(NPR) — Twitter says prompting users to quote tweet rather than retweet “slowed the spread of misleading information by virtue of an overall reduction in the amount of sharing” — and that it's keeping the change post-election.
The social network says it will keep some changes that were effective in slowing down the spread of false claims about the election.
One change that Twitter had introduced as temporary that it now says will stay in place is a screen prompting people to quote tweet rather than simply retweet a post.
The prompt reduced retweeting and increased quote tweeting but collectively led to a 20% reduction in sharing tweets, the company said.
“This change introduced some friction, and gave people an extra moment to consider why and what they were adding to the conversation,” the company officials wrote in their blog post. “In short, this change slowed the spread of misleading information by virtue of an overall reduction in the amount of sharing on the service.”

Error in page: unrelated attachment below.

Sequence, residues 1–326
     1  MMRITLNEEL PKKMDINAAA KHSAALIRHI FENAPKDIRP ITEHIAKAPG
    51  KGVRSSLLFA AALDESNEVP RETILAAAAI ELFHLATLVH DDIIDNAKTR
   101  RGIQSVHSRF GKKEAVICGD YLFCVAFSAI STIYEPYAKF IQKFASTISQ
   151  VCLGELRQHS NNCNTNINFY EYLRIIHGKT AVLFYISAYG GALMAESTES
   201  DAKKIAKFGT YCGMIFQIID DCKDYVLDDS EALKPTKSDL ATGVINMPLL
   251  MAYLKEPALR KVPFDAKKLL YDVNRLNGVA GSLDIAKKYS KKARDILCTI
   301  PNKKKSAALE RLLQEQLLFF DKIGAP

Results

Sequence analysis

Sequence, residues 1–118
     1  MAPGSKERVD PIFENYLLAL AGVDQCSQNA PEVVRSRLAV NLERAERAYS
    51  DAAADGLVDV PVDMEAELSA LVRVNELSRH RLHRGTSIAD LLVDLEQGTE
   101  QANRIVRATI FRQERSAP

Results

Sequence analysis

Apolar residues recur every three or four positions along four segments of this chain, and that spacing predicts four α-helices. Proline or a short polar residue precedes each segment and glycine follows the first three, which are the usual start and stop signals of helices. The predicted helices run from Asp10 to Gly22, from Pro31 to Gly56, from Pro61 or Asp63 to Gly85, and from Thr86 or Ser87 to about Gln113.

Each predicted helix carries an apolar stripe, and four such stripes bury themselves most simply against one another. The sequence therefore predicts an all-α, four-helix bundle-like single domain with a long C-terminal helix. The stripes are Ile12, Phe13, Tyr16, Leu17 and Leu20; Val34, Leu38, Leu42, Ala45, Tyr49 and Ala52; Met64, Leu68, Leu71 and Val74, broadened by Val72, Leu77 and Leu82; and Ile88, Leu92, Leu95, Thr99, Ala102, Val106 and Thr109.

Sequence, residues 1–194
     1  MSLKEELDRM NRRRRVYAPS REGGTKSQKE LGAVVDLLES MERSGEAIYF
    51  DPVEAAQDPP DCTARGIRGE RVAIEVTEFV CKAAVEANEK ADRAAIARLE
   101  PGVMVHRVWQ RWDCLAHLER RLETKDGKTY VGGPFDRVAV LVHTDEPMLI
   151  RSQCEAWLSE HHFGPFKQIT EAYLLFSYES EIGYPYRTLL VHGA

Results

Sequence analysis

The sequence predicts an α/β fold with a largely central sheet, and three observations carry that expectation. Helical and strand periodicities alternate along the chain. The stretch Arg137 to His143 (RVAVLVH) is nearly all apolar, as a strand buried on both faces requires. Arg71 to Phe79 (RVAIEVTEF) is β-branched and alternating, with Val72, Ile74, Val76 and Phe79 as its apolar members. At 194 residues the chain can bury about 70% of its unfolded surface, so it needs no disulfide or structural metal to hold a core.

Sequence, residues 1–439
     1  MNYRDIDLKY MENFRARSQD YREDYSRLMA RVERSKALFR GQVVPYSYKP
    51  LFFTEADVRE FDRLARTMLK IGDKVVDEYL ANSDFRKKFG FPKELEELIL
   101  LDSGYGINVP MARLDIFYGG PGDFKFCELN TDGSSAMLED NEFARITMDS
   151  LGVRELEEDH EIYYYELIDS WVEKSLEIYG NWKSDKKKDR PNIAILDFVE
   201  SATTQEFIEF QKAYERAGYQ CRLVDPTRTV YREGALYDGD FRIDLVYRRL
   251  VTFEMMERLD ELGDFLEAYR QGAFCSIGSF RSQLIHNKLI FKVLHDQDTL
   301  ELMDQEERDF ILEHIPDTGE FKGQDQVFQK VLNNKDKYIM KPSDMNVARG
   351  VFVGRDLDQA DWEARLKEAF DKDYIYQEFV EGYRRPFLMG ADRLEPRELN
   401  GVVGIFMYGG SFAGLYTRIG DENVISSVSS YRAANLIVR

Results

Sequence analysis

Some changes Twitter put in place for the election are being rolled back, however. For example, the company will resume recommending tweets from people whom users do not already follow.